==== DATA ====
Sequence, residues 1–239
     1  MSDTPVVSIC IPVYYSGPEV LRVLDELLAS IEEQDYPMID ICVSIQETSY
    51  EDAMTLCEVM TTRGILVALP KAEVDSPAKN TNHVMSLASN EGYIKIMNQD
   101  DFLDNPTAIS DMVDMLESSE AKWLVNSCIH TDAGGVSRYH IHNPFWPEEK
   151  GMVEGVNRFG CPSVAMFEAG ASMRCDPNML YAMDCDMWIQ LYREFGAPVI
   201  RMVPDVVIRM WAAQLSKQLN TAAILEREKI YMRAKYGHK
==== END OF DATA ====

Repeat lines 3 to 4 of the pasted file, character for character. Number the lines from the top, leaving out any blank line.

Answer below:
    51  EDAMTLCEVM TTRGILVALP KAEVDSPAKN TNHVMSLASN EGYIKIMNQD
   101  DFLDNPTAIS DMVDMLESSE AKWLVNSCIH TDAGGVSRYH IHNPFWPEEK